Objective: To examine the mechanisms of injury for concussions in university football, ice hockey, and soccer.
Design: Prospective cohort deign.
Setting: McGill University Sport Medicine Clinic.
Participants: Male and female athletes participating in varsity football, ice hockey, and soccer.
Main Outcome Measures: Athletes were followed prospectively over a 10-year period to determine the mechanisms of injury for concussions and whether contact with certain areas of the body or individual variables predisposed to longer recovery from concussions. For soccer, data were collected on whether concussions occurred while attempting to head the ball.
Results: There were 226 concussions in 170 athletes over the study period. The side/temporal area of the head or helmet was the most common area to be struck resulting in concussion in all 3 sports. Contact from another player's head or helmet was the most probable mechanism in football and soccer. In hockey, concussion impacts were more likely to occur from contact with another body part or object rather than another head/helmet. Differences in mechanisms of injuries were found between males and females in soccer and ice hockey. Athletes with multiple concussions took longer to return to play with each subsequent concussion. Half of the concussions in soccer were related to attempting to head the soccer ball.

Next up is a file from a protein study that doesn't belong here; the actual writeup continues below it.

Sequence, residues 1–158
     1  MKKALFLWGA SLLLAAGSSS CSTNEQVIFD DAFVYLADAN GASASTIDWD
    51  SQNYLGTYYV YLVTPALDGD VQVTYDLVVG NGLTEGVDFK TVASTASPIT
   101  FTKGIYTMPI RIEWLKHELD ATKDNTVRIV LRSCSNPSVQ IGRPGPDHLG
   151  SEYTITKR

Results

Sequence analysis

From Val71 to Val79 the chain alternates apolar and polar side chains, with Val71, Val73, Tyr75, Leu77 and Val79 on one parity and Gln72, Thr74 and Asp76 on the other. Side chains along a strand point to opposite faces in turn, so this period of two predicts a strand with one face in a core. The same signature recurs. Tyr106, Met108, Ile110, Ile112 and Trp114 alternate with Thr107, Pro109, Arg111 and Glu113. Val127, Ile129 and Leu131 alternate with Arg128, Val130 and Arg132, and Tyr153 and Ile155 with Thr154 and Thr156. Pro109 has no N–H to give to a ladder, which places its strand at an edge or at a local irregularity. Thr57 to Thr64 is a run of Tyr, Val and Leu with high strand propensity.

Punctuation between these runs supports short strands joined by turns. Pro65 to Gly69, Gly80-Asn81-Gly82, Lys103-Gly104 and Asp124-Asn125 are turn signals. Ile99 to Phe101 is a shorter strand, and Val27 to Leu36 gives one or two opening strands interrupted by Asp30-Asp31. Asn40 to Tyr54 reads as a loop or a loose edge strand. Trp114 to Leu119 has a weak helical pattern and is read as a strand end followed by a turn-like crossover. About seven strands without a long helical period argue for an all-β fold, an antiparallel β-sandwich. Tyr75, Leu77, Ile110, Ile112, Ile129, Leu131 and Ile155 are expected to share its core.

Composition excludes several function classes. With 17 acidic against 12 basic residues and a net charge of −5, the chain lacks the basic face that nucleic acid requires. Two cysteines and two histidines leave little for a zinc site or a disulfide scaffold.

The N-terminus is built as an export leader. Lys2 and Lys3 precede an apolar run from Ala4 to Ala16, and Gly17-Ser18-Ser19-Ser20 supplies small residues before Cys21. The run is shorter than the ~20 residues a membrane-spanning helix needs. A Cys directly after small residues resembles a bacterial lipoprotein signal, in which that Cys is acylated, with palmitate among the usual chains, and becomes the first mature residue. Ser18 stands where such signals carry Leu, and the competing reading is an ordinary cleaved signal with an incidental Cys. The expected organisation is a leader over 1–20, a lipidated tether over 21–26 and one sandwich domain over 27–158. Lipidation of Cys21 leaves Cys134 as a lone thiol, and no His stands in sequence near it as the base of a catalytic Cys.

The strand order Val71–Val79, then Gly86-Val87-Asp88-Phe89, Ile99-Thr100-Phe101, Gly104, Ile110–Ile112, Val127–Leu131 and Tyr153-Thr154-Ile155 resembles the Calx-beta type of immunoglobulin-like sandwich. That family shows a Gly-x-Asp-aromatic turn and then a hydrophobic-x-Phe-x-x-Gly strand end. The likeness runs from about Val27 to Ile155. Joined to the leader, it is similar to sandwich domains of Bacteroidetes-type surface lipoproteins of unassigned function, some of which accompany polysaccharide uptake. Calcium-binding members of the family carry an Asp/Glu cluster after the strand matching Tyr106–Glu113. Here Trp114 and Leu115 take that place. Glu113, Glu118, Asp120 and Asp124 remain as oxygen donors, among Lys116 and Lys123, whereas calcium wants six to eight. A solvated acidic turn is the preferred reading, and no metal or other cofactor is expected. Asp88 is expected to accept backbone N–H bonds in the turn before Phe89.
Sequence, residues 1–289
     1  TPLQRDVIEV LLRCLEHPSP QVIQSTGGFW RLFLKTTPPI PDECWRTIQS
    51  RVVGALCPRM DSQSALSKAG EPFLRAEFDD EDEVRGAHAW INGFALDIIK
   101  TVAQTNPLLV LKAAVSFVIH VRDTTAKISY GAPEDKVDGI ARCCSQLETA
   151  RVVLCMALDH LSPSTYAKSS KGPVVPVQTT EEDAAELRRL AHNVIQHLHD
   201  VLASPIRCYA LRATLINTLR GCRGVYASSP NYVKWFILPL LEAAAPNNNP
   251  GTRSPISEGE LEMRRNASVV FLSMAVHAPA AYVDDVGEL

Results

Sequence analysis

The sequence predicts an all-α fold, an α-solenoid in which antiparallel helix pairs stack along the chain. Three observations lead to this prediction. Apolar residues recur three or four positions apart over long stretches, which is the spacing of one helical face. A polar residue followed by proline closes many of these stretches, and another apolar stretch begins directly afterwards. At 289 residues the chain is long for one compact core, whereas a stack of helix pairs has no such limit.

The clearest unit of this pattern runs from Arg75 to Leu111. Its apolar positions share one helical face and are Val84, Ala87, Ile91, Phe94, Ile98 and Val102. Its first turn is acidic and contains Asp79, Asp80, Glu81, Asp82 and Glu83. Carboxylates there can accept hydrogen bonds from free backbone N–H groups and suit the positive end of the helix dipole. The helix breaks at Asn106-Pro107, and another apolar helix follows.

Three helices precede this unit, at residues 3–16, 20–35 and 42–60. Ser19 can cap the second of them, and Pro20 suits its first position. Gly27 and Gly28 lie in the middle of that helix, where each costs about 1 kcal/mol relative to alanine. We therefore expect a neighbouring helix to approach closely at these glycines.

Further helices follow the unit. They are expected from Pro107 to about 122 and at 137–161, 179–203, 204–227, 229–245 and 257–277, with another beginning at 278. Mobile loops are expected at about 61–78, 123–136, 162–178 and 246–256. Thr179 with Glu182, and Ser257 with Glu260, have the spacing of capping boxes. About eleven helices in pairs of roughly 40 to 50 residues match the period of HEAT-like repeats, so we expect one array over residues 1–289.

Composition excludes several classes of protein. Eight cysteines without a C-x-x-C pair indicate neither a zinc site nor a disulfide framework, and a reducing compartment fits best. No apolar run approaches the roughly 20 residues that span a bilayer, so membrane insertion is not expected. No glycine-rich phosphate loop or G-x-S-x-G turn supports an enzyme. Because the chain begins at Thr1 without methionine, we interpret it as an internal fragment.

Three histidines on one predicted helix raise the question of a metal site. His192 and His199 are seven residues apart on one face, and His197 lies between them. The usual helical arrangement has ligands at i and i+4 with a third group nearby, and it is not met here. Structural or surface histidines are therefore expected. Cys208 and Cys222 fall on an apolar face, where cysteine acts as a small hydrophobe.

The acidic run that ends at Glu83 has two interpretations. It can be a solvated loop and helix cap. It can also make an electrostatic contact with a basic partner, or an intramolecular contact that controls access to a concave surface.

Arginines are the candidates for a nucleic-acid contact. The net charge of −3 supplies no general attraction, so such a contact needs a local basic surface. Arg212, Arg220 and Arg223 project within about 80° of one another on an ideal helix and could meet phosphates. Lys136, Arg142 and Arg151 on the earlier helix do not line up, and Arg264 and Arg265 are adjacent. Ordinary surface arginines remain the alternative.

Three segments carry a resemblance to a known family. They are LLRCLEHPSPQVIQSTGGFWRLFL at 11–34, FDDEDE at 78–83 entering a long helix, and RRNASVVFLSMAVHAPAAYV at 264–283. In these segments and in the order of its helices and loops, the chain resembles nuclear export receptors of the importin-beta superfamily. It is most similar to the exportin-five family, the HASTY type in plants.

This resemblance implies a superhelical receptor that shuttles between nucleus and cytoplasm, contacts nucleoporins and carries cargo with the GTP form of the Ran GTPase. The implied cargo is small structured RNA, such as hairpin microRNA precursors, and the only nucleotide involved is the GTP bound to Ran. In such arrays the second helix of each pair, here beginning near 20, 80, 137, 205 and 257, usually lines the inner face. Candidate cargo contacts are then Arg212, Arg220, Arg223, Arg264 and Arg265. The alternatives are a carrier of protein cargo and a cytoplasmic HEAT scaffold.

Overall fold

Conclusions: The side of the head or helmet was the most common area to be struck resulting in concussion in all 3 sports. In ice hockey and soccer, there are differences in the mechanisms of injury for males and females within the same sport.